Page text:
Welcome to CASPer: the newest addition to medical school applications. The medical community has increasingly come to recognize the importance of bedside manner. Medical schools and residencies are no longer just interested in students with the highest test scores. Yes, they want students who know the material and can learn quickly and apply what they’ve learned, but they also want students who can empathize with patients to deliver care in the most effective and human way possible.
But how are we supposed to measure empathy or emotional intelligence? Enter: CASPer. Unfortunately, CASPer is relatively new, and there are still some pieces of information missing. Luckily, we’re here to share everything we know, and everything you’ll need to know to do well on this novel test.
What is CASPer?
CASPer stands for “Computer-Based Assessment for Sampling Personal Characteristics”. True to the name, this computer-administered test is designed to assess characteristics and personal skills outside of academics. Though the test was created in 2010, it has only recently gained popularity. As recently as 2016, there were only 8 schools using CASPer. In 2018, there were 11. In the past year, there’s been rapid growth, and now, 35 medical schools ask you to complete the CASPer assessment as part of your application.
We know you may be frustrated about adding another thing to your already full plate, but here’s some good news!
- CASPer only takes 1-1.5 hours.
- It costs $12 to take the test and another $12 to have it sent to schools, so it’s significantly cheaper than most other tests.
- It doesn’t require much studying! (If any.)
- And finally, your scores automatically get submitted to the medical schools you’re applying to.
Do You Need to Take It?
While CASPer has become more popular, not all med schools require it! Check out this list to see if your school asks for CASPer with your application. If you’re interested in other medical professional schools such as nursing or dentistry, you should also check out the list, as a handful of these schools require CASPer as well.
Test dates also vary between schools. The general testing season is from May until October, November, or December depending on the school. For example, the last CASPer test available for Boston University was offered on October 13, 2020 while CASPer tests for Rutgers New Jersey Medical School run until December 10, 2020.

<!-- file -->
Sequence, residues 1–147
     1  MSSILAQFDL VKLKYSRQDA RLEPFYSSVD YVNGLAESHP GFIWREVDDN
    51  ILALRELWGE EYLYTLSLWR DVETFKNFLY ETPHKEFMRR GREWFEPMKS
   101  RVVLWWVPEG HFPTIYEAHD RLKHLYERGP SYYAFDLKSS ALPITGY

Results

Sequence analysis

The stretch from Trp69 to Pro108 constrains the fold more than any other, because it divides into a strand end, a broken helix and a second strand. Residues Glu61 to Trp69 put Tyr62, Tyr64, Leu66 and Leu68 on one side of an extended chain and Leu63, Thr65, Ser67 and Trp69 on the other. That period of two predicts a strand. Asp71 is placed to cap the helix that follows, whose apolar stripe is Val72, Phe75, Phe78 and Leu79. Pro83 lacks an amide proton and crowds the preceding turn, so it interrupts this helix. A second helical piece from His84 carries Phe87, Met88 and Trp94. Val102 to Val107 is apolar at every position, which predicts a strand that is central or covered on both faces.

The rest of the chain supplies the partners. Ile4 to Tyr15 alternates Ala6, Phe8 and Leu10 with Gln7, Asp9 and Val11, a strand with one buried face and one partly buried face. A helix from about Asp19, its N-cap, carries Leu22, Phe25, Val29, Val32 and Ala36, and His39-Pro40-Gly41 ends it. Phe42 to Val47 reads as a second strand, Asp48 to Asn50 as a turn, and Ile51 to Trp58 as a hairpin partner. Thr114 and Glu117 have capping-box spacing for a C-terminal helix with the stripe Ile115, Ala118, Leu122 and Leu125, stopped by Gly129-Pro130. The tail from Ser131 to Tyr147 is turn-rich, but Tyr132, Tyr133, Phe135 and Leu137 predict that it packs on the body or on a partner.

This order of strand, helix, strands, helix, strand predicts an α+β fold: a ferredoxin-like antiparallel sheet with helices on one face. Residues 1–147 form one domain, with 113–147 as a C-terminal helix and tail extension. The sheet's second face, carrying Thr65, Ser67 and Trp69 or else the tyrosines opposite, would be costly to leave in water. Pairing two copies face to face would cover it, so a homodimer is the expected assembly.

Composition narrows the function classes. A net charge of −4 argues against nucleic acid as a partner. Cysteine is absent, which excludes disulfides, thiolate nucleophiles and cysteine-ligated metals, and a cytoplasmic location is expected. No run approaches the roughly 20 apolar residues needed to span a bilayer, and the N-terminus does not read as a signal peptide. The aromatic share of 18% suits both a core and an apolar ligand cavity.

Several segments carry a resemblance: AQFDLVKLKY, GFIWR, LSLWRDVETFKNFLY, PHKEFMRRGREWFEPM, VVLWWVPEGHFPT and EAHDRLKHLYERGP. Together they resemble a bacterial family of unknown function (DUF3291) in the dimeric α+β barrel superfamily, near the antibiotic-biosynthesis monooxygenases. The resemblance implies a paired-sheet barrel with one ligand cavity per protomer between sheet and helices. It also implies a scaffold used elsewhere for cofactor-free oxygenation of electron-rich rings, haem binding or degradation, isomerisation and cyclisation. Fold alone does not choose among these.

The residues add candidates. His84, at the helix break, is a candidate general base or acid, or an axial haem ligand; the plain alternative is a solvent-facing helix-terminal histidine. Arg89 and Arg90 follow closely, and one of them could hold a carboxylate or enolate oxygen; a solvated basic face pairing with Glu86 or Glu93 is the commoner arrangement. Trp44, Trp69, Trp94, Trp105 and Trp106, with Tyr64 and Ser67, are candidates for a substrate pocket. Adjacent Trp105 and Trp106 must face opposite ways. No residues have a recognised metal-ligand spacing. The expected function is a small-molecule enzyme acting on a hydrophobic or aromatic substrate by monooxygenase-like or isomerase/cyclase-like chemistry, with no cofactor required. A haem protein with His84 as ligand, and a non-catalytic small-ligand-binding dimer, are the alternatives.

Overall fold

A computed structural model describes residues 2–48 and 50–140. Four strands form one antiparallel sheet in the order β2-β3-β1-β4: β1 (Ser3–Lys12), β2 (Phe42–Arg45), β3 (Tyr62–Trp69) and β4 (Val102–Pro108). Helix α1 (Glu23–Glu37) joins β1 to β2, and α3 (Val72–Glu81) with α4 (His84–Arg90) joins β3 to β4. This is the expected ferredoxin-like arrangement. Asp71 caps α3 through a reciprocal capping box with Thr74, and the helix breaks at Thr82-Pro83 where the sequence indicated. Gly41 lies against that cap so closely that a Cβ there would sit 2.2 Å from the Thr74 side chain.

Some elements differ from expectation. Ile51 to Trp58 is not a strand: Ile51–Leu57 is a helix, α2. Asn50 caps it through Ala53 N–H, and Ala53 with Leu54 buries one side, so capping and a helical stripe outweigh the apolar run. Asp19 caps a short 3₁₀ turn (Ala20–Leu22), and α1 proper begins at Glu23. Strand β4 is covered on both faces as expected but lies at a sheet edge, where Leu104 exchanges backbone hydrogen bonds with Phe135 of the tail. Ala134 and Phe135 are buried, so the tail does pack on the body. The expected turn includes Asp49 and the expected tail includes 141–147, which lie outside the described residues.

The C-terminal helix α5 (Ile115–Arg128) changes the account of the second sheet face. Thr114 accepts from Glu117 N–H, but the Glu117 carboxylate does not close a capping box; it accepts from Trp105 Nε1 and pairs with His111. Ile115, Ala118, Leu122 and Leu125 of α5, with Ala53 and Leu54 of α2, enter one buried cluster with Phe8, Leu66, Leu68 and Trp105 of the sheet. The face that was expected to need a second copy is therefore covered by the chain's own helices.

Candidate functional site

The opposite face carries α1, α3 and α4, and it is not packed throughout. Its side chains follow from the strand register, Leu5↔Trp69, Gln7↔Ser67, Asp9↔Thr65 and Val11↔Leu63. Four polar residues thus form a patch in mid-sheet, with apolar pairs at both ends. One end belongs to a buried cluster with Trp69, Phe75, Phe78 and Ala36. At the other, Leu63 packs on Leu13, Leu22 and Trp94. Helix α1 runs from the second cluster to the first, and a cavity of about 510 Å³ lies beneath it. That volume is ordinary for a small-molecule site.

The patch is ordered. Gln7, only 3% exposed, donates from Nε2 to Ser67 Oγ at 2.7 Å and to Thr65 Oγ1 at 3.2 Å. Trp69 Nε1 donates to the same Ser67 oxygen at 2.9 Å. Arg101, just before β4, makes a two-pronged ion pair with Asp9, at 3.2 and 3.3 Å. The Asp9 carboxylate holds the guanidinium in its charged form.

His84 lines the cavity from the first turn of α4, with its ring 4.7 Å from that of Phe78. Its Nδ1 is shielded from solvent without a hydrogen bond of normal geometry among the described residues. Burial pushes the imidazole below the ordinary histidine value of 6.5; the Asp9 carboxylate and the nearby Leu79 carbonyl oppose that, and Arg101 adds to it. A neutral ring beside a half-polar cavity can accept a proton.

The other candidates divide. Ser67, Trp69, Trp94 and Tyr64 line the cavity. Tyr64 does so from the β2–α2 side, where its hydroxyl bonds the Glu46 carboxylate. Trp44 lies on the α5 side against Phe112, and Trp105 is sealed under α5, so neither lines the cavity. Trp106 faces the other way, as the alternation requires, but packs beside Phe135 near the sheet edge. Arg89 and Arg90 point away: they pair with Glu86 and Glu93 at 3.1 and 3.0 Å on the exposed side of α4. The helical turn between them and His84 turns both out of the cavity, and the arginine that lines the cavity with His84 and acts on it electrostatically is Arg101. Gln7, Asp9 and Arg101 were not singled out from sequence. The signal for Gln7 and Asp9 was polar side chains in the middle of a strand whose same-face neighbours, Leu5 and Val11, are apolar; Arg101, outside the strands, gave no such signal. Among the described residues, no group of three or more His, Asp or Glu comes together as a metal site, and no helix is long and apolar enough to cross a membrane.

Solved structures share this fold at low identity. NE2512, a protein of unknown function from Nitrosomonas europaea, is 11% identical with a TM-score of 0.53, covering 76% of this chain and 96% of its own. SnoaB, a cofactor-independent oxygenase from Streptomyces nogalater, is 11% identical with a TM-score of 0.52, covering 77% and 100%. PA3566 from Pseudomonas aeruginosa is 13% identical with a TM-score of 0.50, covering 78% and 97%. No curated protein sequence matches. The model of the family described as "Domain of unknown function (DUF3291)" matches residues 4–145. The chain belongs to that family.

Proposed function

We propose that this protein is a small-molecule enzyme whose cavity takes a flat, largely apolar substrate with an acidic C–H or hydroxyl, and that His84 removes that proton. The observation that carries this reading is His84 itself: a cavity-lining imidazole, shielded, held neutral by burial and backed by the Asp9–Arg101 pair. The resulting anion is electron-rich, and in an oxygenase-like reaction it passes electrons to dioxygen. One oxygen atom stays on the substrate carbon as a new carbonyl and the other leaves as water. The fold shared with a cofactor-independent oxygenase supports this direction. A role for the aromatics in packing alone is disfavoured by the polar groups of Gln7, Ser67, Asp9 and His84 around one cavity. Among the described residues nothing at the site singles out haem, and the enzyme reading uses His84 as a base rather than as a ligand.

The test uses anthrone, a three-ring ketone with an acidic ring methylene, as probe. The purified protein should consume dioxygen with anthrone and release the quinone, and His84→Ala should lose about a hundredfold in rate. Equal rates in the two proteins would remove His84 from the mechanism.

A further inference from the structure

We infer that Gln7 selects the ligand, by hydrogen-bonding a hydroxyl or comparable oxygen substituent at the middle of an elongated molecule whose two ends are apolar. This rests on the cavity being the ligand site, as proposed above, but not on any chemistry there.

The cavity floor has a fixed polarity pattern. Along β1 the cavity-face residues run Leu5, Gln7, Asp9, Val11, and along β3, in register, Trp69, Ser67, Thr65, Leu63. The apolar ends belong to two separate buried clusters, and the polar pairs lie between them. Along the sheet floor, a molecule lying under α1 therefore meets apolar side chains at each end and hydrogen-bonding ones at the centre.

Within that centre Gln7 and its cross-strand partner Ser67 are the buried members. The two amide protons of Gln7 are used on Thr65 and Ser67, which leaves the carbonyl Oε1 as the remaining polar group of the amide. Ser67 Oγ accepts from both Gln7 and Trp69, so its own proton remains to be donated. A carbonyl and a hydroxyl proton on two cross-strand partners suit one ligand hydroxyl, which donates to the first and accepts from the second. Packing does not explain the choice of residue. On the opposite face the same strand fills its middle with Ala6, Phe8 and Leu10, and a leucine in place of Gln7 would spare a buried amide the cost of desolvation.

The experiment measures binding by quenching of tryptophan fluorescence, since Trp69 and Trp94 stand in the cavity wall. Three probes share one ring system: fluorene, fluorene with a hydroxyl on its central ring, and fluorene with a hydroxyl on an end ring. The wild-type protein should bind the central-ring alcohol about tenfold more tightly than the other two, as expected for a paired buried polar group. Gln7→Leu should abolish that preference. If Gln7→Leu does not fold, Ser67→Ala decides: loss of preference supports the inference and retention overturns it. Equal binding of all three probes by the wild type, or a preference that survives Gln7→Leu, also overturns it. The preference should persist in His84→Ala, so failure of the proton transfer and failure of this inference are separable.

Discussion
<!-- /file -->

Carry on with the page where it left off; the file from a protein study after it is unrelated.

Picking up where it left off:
How to Answer CASPer Questions
CASPer questions don’t have right or wrong answers, but there are some answers that are better than others. Here’s what you should keep in mind:
1) Demonstrate that you understand both sides of the situation, and then pick one.
CASPer questions are not puzzles that you have to figure out. They are situations with no black-and-white answer, and graders want to see how you operate in the gray. When first answering the prompt, it’s good to acknowledge that you understand the different perspectives in a situation. Once you’ve laid that foundation, be decisive and pick your course of action. Again, there’s not necessarily a right or wrong course of action. However, you do need to justify why you are choosing that path as opposed to another one.
2) Be true to yourself.
The ability to understand other perspectives is an incredible skill, but if you come across something that you really believe is wrong, say that. Medical schools are using CASPer to get a sense of who you are and how you think. So be honest, and speak from the heart.
Example of a Personality-Test Question
Here is an example of a personality assessment scenario. (This was actually presented to me when I was applying to my college’s EMT training course.)
You and your friend are supposed to fly out tomorrow morning to present your research at an important conference. You’ve been working hard for months now, and the time has finally come. This conference is important, as it could give you the opportunity to win a huge grant to support further research.
But unfortunately, your friend has just discovered that she’s terrified of flying. She knows it’s statistically the safest way to travel, but it still frightens her. You are not allowed to present your research remotely.
What do you do?
For more examples, and to actually take a CASPer practice test, visit the official website.